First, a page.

U.S.-Mexican Strategy Moves From Military Aid To Community Building


Responding to a growing sense that Mexico's military-led fight against drug traffickers is not gaining ground, the U.S. and Mexico have set their counternarcotics strategy on a new course by refocusing efforts on strengthening civilian law enforcement institutions and rebuilding communities crippled by poverty and crime, reports the New York Times.

A $331 million plan includes many elements meant to expand on programs under way as part of the Mérida Initiative started by the Bush administration three years ago, such as cooperation among American and Mexican intelligence agencies and American support for training Mexican police officers, judges, prosecutors, and public defenders. Under the new strategy, American and Mexican agencies would work together to refocus border enforcement efforts away from building a better wall to creating systems that would allow goods and people to be screened before they reach crossing points. The plan would also provide support for Mexican programs intended to strengthen communities where socioeconomic hardships force many young people into crime. The most striking difference between the old strategy and the new one is the shift away from military assistance. More than half of the $1.3 billion spent under Mérida was used to buy aircraft, inspection equipment and information technology for the Mexican military and police.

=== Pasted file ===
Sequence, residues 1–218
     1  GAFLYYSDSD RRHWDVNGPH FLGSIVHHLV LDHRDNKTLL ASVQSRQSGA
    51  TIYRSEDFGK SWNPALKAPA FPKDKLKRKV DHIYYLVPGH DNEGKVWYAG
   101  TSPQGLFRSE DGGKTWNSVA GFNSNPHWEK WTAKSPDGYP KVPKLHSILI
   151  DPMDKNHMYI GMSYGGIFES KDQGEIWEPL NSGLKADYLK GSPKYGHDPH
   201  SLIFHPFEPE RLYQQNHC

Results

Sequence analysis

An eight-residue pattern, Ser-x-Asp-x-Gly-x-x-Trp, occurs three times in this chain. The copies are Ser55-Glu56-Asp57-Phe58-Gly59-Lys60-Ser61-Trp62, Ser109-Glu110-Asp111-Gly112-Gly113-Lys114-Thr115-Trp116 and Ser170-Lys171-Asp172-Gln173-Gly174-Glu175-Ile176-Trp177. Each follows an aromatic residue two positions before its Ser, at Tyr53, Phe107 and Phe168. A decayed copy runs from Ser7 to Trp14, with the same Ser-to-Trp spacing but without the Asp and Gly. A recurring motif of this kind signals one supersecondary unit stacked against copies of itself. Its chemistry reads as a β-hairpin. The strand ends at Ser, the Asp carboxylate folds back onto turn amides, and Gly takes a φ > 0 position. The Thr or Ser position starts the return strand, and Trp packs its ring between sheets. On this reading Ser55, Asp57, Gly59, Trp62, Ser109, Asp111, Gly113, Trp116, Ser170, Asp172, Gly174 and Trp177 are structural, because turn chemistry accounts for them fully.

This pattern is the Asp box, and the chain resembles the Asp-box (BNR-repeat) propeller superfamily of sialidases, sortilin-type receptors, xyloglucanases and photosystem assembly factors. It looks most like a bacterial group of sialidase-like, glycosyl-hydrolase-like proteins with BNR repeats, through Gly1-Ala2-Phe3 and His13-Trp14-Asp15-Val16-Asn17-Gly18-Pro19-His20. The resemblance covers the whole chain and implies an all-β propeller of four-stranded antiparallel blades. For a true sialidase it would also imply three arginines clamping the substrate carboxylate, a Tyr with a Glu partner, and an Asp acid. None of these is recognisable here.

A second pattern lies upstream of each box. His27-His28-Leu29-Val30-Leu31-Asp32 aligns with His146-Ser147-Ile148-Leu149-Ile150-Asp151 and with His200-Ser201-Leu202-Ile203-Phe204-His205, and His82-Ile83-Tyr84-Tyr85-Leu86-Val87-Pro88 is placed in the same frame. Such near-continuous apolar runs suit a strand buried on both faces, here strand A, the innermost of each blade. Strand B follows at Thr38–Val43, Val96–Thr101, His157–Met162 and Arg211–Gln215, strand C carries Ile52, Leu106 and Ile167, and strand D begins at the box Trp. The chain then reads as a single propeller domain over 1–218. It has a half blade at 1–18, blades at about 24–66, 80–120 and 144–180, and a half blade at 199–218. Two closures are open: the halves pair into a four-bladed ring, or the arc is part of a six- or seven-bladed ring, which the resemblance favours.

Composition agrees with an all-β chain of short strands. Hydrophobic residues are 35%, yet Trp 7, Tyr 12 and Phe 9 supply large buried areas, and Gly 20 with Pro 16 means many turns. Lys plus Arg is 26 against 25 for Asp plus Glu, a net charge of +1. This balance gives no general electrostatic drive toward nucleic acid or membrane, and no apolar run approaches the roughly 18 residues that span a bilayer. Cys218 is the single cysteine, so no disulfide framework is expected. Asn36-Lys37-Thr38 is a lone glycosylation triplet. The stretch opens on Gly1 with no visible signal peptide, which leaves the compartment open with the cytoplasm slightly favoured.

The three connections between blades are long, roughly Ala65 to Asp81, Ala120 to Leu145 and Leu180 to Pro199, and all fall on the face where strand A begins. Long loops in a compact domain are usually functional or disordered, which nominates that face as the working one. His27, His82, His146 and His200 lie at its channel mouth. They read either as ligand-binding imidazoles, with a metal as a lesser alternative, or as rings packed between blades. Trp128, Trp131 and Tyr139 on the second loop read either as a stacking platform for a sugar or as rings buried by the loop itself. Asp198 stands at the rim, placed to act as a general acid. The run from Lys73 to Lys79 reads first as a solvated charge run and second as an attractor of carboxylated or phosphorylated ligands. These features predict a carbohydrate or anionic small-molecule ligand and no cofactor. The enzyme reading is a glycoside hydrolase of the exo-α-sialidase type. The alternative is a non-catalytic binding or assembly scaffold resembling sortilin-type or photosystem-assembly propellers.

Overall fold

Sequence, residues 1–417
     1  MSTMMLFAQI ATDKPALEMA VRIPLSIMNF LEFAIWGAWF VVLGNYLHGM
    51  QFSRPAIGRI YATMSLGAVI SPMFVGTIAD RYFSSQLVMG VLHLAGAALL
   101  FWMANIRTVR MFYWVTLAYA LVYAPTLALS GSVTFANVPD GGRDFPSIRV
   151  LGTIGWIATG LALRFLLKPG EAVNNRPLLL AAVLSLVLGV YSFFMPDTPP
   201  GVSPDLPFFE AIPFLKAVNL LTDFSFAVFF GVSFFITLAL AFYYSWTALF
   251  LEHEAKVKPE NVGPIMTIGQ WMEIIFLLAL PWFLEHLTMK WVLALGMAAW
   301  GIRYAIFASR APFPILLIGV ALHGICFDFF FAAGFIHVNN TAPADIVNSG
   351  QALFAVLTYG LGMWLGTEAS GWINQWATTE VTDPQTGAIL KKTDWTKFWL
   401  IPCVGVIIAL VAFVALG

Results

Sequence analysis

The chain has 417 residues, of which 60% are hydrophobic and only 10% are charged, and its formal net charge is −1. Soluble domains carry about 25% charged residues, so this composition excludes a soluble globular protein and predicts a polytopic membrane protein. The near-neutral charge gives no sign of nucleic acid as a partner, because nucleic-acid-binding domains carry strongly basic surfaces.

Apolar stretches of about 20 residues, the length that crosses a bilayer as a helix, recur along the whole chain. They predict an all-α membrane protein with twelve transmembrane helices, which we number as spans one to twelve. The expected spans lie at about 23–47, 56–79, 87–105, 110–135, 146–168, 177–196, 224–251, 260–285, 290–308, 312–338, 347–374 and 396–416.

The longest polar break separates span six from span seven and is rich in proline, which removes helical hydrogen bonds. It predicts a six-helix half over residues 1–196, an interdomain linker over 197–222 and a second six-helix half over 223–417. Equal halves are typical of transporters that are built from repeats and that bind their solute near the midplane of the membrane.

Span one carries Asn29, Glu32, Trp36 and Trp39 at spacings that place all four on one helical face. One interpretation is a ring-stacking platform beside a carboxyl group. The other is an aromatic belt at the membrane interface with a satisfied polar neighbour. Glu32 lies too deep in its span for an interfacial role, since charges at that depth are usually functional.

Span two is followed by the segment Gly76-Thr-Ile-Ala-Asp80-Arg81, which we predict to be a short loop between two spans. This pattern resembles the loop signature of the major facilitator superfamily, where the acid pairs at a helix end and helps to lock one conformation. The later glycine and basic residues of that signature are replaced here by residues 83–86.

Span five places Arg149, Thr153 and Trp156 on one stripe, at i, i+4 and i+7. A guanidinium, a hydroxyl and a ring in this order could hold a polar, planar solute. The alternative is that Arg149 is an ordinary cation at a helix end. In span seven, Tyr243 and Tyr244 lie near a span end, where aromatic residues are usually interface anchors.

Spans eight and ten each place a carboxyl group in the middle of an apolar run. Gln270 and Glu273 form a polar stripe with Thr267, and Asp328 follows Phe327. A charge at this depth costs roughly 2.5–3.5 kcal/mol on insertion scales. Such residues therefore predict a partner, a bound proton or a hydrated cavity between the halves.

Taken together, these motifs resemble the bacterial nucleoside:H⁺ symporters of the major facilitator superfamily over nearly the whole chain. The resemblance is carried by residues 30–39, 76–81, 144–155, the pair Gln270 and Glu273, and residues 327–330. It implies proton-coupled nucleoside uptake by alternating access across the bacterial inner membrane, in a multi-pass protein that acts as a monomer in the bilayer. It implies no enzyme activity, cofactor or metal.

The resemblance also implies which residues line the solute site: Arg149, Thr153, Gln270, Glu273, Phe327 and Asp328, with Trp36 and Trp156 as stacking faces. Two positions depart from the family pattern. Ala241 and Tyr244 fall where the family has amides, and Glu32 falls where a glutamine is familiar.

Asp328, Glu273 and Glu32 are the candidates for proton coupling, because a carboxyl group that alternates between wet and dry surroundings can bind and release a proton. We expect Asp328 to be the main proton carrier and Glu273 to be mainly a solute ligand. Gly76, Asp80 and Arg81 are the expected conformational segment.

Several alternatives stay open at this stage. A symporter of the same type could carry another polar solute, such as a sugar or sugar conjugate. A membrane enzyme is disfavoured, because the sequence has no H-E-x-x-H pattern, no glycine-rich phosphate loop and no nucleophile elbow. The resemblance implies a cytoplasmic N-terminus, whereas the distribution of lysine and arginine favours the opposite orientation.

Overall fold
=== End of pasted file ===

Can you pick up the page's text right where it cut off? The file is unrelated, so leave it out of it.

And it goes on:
Comments are closed.